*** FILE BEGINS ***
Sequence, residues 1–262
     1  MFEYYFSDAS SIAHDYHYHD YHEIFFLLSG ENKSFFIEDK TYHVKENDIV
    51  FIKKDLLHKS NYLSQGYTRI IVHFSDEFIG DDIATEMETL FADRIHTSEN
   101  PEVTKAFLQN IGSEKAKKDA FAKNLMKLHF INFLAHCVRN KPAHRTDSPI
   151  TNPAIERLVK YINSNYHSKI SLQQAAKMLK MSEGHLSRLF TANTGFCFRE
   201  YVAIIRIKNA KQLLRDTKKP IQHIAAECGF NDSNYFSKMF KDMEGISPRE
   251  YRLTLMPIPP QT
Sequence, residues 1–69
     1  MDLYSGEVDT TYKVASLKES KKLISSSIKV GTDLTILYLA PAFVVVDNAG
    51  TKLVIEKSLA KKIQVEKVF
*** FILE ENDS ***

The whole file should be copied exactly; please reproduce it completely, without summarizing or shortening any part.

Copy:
Sequence, residues 1–262
     1  MFEYYFSDAS SIAHDYHYHD YHEIFFLLSG ENKSFFIEDK TYHVKENDIV
    51  FIKKDLLHKS NYLSQGYTRI IVHFSDEFIG DDIATEMETL FADRIHTSEN
   101  PEVTKAFLQN IGSEKAKKDA FAKNLMKLHF INFLAHCVRN KPAHRTDSPI
   151  TNPAIERLVK YINSNYHSKI SLQQAAKMLK MSEGHLSRLF TANTGFCFRE
   201  YVAIIRIKNA KQLLRDTKKP IQHIAAECGF NDSNYFSKMF KDMEGISPRE
   251  YRLTLMPIPP QT
Sequence, residues 1–69
     1  MDLYSGEVDT TYKVASLKES KKLISSSIKV GTDLTILYLA PAFVVVDNAG
    51  TKLVIEKSLA KKIQVEKVF